In Lev Manovich’s article, he talks about how the language of computer interface is drawn upon cinema, print words, and the tradition of HCI. This is a way to place the development of computer interface on top of our development of media in general. We have seen this line of argument in Cramption-Smith (who proposes computer interface to have a language of its own), and Bolter and Grusin write a seminal book called Remediation to discuss the notion. Among all these studies, computer interfaces are thought of analogues to book, painting, and cinema, but I thought it might be interesting to add another category to it: Michael Benedikt thinks of computer interface in spatial terms. For him, computer space can be thought of as a socially shared architecture, as a city, or as “a common mental geography.”

In Benedikt’s seminal essay “Cyberspace: First Steps” (1991), he speculates cyberspace before it has ever come into being. The essay is the editorial essay for the self-proclaimed first conference on cyberspace (1990). He calls it “cyberspace” instead of interface, first of all, marking his background in architecture. Benedikt, too, places the development of cyberspace on top of four human histories, among them are language/myth, media technology, architecture, and mathematic. Notably, he argues that the advent of cyberspace signifies our cultural impulse of “dematerialization” of architecture, long existent in our imagination of “the city of heaven.” Cyberspace marks also the efforts of mathematicians to specialize their understanding of math.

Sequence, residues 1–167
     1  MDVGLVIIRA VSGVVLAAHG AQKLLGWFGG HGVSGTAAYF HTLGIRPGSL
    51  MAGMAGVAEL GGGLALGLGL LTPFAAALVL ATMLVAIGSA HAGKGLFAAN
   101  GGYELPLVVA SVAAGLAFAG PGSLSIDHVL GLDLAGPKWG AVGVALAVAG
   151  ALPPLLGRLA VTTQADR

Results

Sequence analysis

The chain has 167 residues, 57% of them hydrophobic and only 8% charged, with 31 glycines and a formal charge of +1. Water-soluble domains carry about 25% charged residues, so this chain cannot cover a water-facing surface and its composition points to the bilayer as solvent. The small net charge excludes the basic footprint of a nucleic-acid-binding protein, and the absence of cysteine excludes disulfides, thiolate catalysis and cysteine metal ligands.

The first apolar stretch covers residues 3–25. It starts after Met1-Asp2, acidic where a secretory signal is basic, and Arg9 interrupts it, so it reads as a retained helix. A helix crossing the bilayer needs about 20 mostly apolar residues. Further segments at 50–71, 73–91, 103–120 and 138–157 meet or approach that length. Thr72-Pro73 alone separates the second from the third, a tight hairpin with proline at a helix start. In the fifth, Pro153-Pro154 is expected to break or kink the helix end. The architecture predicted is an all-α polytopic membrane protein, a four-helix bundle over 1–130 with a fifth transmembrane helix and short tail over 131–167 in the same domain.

I quote a passage from the Benedikt and you could see how he conceptualizes computer interface in the language of space. It is conceptualizes in spatial terms mainly because it is social shared as city does. Also, see how the fact that computer interface is an immaterial, virtual, and mental space fascinates Benedikt.

“Cyberspace: A common mental geography, built, in turn, by consensus and revolution, canon and experiment; a territory swarming with data and lies, with mind stuff and memories of nature, with a million voices and two million eyes in a silent, invisible concert to enquiry, deal-making, dream-sharing, and simple beholding.”